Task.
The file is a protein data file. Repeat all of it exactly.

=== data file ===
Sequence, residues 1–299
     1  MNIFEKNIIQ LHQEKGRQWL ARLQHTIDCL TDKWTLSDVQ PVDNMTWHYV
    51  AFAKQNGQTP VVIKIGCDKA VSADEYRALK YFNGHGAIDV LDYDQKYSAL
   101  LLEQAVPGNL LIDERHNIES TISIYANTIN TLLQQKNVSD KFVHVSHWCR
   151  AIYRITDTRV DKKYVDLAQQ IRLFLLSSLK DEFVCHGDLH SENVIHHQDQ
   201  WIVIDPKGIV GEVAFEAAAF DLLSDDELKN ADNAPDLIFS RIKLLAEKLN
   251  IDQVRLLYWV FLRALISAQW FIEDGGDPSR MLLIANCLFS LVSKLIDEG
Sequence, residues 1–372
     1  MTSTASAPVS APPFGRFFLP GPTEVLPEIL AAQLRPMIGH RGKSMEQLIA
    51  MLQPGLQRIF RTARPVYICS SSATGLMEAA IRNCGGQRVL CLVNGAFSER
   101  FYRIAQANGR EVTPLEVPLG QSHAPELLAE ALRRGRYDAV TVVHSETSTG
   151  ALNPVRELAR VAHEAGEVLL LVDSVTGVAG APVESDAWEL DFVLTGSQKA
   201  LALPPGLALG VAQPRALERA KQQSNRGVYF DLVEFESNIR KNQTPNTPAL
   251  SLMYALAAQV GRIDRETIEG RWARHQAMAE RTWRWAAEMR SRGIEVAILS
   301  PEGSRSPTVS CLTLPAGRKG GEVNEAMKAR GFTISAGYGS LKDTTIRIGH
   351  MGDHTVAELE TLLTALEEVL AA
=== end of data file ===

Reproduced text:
Sequence, residues 1–299
     1  MNIFEKNIIQ LHQEKGRQWL ARLQHTIDCL TDKWTLSDVQ PVDNMTWHYV
    51  AFAKQNGQTP VVIKIGCDKA VSADEYRALK YFNGHGAIDV LDYDQKYSAL
   101  LLEQAVPGNL LIDERHNIES TISIYANTIN TLLQQKNVSD KFVHVSHWCR
   151  AIYRITDTRV DKKYVDLAQQ IRLFLLSSLK DEFVCHGDLH SENVIHHQDQ
   201  WIVIDPKGIV GEVAFEAAAF DLLSDDELKN ADNAPDLIFS RIKLLAEKLN
   251  IDQVRLLYWV FLRALISAQW FIEDGGDPSR MLLIANCLFS LVSKLIDEG
Sequence, residues 1–372
     1  MTSTASAPVS APPFGRFFLP GPTEVLPEIL AAQLRPMIGH RGKSMEQLIA
    51  MLQPGLQRIF RTARPVYICS SSATGLMEAA IRNCGGQRVL CLVNGAFSER
   101  FYRIAQANGR EVTPLEVPLG QSHAPELLAE ALRRGRYDAV TVVHSETSTG
   151  ALNPVRELAR VAHEAGEVLL LVDSVTGVAG APVESDAWEL DFVLTGSQKA
   201  LALPPGLALG VAQPRALERA KQQSNRGVYF DLVEFESNIR KNQTPNTPAL
   251  SLMYALAAQV GRIDRETIEG RWARHQAMAE RTWRWAAEMR SRGIEVAILS
   301  PEGSRSPTVS CLTLPAGRKG GEVNEAMKAR GFTISAGYGS LKDTTIRIGH
   351  MGDHTVAELE TLLTALEEVL AA